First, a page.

South Sea Pearl

Perhaps the best-loved gems of all time, pearls—both natural and modern cultured pearls—occur in a wide variety of colors


South Sea pearls generally have the highest value and command the highest prices of all types of pearls. South Sea pearls are generally much larger than other pearl types (commonly in the 10 - 13mm range) and have a unique and luxurious satin-like lustre quality. They also have the thickest average nacre of all cultured pearls.

Australia, Indonesia, and the Philippines are leading sources of South Sea pearls. Their colors can be white to silver or golden, depending on the type of oyster. Their large size and thick nacre, due to a long growth period, plus their limited critical growing conditions are all


White South Sea pearls generally retain the highest value of all pearl types. Because of their scarcity and unusually large size range, they command much higher prices. It is common for the retail prices of fine quality South Sea necklaces to be in the range of $10,000 to even $300,00 or more.

Most white South Sea pearls are cultured along the northwest coast of Australia. Attempts to expand South Sea pearl farming have met with little success because the oysters do not thrive outside their native, natural environment.


Golden South Sea pearls are produced primarily in the Philippines and Indonesia. The value of a golden South Sea pearl heavily depends upon the color; the deeper the golden color, the more valuable the pearl. The overall value of golden South Sea pearls is higher than Akoya or Tahitian pearls, and very comparable to white South Sea pearls.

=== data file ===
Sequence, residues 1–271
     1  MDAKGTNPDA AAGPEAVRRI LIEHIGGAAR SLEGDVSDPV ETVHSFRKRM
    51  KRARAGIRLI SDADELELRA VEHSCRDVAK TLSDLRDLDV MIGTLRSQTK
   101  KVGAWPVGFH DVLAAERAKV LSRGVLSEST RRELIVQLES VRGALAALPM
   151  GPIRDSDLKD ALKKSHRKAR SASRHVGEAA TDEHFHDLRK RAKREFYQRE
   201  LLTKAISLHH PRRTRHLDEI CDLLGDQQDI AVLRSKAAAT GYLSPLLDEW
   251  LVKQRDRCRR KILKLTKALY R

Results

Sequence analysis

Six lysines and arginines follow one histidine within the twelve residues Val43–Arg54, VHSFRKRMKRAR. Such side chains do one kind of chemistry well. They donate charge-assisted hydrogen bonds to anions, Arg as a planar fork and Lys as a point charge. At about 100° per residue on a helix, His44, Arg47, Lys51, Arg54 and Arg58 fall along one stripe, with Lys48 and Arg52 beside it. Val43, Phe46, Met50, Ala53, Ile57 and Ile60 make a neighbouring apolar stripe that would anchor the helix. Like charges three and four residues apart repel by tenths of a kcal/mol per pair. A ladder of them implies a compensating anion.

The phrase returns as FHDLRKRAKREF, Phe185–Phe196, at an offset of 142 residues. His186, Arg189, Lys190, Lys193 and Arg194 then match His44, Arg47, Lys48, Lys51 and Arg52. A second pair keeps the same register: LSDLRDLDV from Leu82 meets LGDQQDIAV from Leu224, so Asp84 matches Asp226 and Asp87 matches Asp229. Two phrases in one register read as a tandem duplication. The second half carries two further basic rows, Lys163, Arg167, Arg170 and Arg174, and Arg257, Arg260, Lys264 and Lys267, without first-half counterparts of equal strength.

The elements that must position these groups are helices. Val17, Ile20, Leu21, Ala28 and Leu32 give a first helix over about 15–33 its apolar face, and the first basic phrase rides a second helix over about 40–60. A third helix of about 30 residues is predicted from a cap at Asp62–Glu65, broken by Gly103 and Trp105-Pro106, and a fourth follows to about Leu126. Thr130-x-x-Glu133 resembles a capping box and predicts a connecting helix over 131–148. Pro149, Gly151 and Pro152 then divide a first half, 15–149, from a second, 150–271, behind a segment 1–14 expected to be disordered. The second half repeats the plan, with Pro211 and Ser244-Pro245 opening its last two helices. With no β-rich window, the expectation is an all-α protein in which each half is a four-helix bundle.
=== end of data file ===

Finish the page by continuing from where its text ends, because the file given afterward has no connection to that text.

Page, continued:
• SIZE

    Cultured pearls range from 2-16mm in diameter, depending on the mollusk used.


    Spherical pearls are the most valued but symmetrical drops are also sought.

  • Luster

    Pearls with high luster have sharp bright reflections on the surface.


    The number of blemishes on a pearl's surface is evaluated to judge quality.


In general, the larger the pearl, the more valuable it is. Different varieties come in different sizes: South Sea cultured pearls are the largest.


Round is the most difficult shape to culture, making it the rarest cultured pearl shape and—if all other factors are equal—also generally the most valuable. There are exceptions, though. Well-formed pear, oval, or baroque (irregularly shaped) cultured pearls are also prized by pearl lovers. Different pearl types are held to different standards when classifying
shape. Japanese saltwater cultured pearls are held to the strictest standards for shape.


Of all pearl quality factors, lustre might be the most important. Lustre is what gives a natural or cultured pearl its unique beauty.

Aslowe only uses pearls with very good or excellent lustre.


Like colored stones, most pearls never achieve perfection. Some might show abrasions that look like a series of scratches on the surface, or a flattened section that doesn’t affect its basic shape, or an irregular ridge that looks like a crease or wrinkle.

If surface characteristics are numerous or severe, they can affect the durability of the pearl and severely depress its value. Surface characteristics have less effect on the pearl’s beauty and value if they are few in number, or if they are minor enough to be hidden by a drill-hole or mounting.


Aslowe South Sea pearl products are made from high-quality saltwater cultured South Sea pearls directly from the source by our team of pearl experts for their inherently large sizes, unique optic white or golden color and luxurious luster.


Pearl is the birthstone for June and the gem of the third and thirtieth anniversaries.


South Sea pearls are the rarest of all pearl types and should be treated with care. Wipe it clean with a soft cloth after wear and
store it in your Aslowe jewelry box or pouch. Avoid exposure to sharp objects, heat, perfume, or cosmetics.


Read more about pearls from GIA gem encyclopedia.